Artículo

K-AR and geologic data bearing on the age and evolution of the trans-mexican volcanic belt

Nixon, G. T.; Demant, A.; Armstrong, R. L.; Harakal, J. E.

Instituto de Geofísica, UNAM, publicado en Geofísica Internacional, y cosechado de Revistas UNAM

Licencia de uso

Procedencia del contenido

Entidad o dependencia
Instituto de Geofísica, UNAM
Revista
Repositorio
Contacto
Revistas UNAM. Dirección General de Publicaciones y Fomento Editorial, UNAM en revistas@unam.mx

Cita

Nixon, G. T., et al. (1987). K-AR and geologic data bearing on the age and evolution of the trans-mexican volcanic belt. Geofísica Internacional; Vol. 26 No. 1, 1987. Recuperado de https://repositorio.unam.mx/contenidos/42093

Descripción del recurso

Autor(es)
Nixon, G. T.; Demant, A.; Armstrong, R. L.; Harakal, J. E.
Tipo
Artículo de Investigación
Área del conocimiento
Físico Matemáticas y Ciencias de la Tierra
Título
K-AR and geologic data bearing on the age and evolution of the trans-mexican volcanic belt
Fecha
2013-04-21
Resumen
New and published K-Ar dates and geologic mapping in the western and central parts of the Trans-Mexican Volcanic Belt (TMVB) provide a basis for examining the evolution of Late Cenozoic volcanism in Central Mexico. The modem volcanic arc, composed principally of calc-alkaline andesite and dacite, was formed during the Quaternary and its development is intimately connected with the contrasting subduction regimes of the Rivera and northern Cocos plates. Major andesitic centers in the western TMVB that lie above the subducted portion of the Rivera plate began to evolve between 0.6 and 0.2 Ma. However, in the central and eastern parts of the arc where subduction of the Cocos plate is taking place, the construction of andesite-dacife cones started considerably earlier at approximately 1.7 Ma. The width of active arc above the subducted Cocos plate has decreased appreciably during the Quaternary such that andesitic volcanism is currently focused nearest the trench. The early extinction of volcanism in the backarc region explains why historically active volcanoes are commonly found at the volcanic front and why they generally provide a more complete record of Quaternary volcanism. Their large volumes are a direct consequence of their longevity. The average eruption rates for major Quaternary cones are estimated at 0.2 - 0.3 km³/ka and do not appear particularly sensitive to differences in the rate of subduction. The development of an E-W - trending calc-alkaline arc system in Central Mexico probably dates back to Late Miocene or Early Pliocene. Arc volcanism since that time has migrated trenchward arriving at its present position by Early Quaternary time. Exposures of Early Pliocene to Recent K-rich lamprophyres in the Colima graben exhibit space-time patterns correlative with those deduced for coeval calc-alkaline volcanism and point to subduction as the common causative mechanism. Early Pliocene rifting and lamprophyric activity in the Colima graben are linked to the early stages of formation of a transform boundary separating the Cocos and Rivera plates. Today, this seismically active transform continues to be subducted beneath the Colima graben. Sodic alkaline suites in the westernmost part of the TMVB may represent backarc volcanism or be related to poorly understood phenomena occurring at the termination of subduction zones.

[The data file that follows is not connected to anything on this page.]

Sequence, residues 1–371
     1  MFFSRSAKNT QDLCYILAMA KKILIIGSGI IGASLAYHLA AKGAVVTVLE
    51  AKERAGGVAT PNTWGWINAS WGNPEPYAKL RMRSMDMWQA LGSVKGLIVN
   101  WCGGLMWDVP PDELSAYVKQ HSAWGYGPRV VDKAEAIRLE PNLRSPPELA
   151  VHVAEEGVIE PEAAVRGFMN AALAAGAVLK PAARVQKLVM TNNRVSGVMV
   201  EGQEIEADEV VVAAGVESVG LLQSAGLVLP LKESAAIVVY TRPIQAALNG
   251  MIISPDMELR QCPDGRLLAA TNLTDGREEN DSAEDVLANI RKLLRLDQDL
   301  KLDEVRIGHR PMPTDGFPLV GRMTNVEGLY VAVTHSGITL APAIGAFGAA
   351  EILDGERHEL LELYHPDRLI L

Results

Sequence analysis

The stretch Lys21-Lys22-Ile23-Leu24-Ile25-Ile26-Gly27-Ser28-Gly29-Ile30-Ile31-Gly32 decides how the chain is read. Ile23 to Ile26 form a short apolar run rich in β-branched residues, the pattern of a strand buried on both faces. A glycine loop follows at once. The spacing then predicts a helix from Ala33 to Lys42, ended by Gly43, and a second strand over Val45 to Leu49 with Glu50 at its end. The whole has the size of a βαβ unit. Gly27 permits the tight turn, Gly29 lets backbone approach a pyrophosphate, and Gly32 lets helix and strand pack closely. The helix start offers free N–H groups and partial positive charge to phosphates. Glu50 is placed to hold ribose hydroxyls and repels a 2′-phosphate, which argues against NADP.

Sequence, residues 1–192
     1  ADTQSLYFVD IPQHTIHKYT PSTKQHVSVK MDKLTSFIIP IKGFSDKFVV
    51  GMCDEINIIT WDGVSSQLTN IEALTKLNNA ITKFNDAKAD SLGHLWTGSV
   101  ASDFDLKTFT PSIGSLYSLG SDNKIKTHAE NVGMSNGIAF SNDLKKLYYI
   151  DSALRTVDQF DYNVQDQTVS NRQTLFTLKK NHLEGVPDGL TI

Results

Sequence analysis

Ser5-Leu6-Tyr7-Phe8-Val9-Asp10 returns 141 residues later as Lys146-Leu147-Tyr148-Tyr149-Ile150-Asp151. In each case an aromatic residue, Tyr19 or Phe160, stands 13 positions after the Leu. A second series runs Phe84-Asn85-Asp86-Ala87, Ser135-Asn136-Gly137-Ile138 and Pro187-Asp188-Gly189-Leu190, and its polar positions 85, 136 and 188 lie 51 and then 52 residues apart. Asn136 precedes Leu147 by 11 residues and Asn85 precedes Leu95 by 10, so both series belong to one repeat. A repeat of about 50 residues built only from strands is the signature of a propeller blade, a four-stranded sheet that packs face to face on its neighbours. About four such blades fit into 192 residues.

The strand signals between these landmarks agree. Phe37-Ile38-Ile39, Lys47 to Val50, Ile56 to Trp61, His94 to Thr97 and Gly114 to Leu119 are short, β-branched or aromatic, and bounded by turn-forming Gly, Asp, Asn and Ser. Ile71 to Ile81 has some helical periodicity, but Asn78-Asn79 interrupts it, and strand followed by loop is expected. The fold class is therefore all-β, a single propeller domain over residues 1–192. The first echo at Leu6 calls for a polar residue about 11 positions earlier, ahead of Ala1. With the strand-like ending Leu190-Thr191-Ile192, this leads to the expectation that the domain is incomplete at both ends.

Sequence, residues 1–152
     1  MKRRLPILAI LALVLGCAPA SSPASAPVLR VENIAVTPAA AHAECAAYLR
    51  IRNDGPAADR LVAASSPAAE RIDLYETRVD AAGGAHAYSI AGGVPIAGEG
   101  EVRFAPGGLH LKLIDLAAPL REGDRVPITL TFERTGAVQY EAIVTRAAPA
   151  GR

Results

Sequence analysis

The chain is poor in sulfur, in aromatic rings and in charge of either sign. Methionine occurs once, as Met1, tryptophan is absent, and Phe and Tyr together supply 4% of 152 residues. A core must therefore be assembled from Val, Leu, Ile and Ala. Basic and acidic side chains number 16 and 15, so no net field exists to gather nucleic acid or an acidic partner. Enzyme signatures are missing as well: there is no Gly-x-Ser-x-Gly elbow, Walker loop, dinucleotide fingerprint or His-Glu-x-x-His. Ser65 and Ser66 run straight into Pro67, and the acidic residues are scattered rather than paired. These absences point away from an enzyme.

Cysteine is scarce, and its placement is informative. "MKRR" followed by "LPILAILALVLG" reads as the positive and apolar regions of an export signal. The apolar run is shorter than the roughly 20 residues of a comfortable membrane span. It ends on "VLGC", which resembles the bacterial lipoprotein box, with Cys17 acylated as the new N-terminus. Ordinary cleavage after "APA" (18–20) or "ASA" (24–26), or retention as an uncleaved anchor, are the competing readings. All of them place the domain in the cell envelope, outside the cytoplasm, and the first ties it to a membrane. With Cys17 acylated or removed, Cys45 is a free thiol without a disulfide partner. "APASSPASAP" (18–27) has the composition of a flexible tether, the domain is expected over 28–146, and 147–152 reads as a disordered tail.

Idioma
spa
ISSN
0016-7169

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